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Florida is the latest U.S. state to implement its own provisions around social media use, with Florida Governor Ron DeSantis signing a new bill that will ban children aged under 14 from social media platforms entirely, while also making it compulsory that 14 and 15 year old users gain explicit parental permission to sign up.

Which could add some new checks and balances for the major social apps, though the specific wording of the bill is interesting.

The main impetus, as noted, is to stop youngsters from using social media entirely, in order to protect them from the “harms of social media” interaction.

Social platforms will be required to terminate the accounts of people under 14, as well as those of users aged under 16 who don’t have parental consent. And that seemingly applies to dedicated, underage focused experiences as well, including TikTok’s younger users setting.

Which could prove problematic in itself, as there are no perfect measures for detecting underage users who may have lied about their age at sign up. Various systems have been put in place to improve this, while the bill also calls on platforms to provide improved verification measures to enforce this element.

Which some privacy groups have flagged as a concern, as it may reduce anonymity in social platform usage.

Whenever an underage user account is detected, the platforms will have 10 business days to remove such, or they could face fines of up to $10,000 per violation.

The specific parameters of the bill state that the new rules will apply to any online platform of which 10% or more of its daily active users are younger than 16.  

There’s also a specific provision around the variance between social platforms and messaging apps, which are not subject to these new rules:

The term does not include an online service, website, or application where the exclusive function is e-mail or direct messaging, consisting of text, photographs, pictures, images, or videos shared only between the sender and the recipients, without displaying or posting publicly or to other users not specifically identified as the recipients by the sender.”

That could mean that Meta’s “Messenger for Kids” is excluded, while also, depending on your definition, enabling Snapchat to avoid restriction.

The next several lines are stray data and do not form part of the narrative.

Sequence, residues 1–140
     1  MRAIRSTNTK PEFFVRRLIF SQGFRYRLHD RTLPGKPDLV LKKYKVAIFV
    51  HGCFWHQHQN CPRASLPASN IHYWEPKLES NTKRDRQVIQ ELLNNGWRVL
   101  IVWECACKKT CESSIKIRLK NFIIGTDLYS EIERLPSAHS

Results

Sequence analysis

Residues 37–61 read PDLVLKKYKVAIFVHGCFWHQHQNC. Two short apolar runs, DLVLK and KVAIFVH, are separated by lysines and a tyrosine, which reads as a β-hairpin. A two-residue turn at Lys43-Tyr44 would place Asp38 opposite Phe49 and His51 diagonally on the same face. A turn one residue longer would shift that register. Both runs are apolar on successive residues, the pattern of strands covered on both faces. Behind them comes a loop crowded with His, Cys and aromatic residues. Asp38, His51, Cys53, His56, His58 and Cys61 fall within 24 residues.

Which seems like a gap, especially given Snapchat’s popularity with younger audiences, but again, the specifics will be clarified over time.

It’s another example of a U.S. state going it alone on its social media rules, with both Utah and Arkansas also implementing rules that impose restrictions on social media use for youngsters. In a related push, Montana sought to ban TikTok entirely within its borders last year, though that was less about protecting kids and more due to concerns around its links to China, and the potential use of the app as a spying tool for the C.C.P. Montana’s TikTok ban was rejected by the District Court back in December.

The concern here is that by implementing regional rules, each state could eventually be tied to specific parameters, as implemented by the ruling party at the time, and there are wildly varying perspectives on the potential harm of social media and online interaction.

China, for example, has implemented tough restrictions on video game time among youngsters, as well as caps on in-app spending, in order to curb negative behaviors associated with gaming addiction. Heavy handed approaches like this, as initiated by regional governments, could have a big impact on the broader sector, forcing major shifts as a result.

And really, as Meta has noted, such restrictions should be implemented on a broader national level. Like, say, via the app stores that facilitate app access in the first place.

Late last year, Meta put forward its case that the app stores should take on a bigger role in keeping young kids out of adult-focused apps, or at the least, in ensuring that parents are aware of such before they download them.

As per Meta:

US states are passing a patchwork of different laws, many of which require teens (of varying ages) to get their parent’s approval to use certain apps, and for everyone to verify their age to access them. Teens move interchangeably between many websites and apps, and social media laws that hold different platforms to different standards in different states will mean teens are inconsistently protected.”

Indeed, by forcing the app providers to include age verification, as well as parental consent for downloads by youngsters, that could ensure greater uniformity, and improved protection, via systems that would enable broader controls, without each platform having to initiate its own processes on the same.

Thus far, that pitch doesn’t seem to be resonating, but it would, at least in theory, solve a lot of key challenges on this front.

And without a national approach, we’re left to regional variances, which could become more restrictive over time, depending on how each local government approaches such.

Which means more bills, more debates, more regional rule changes, and more custom processes within each app for each region.

Broader policy seems like a better approach, but coordination is also a challenge.  



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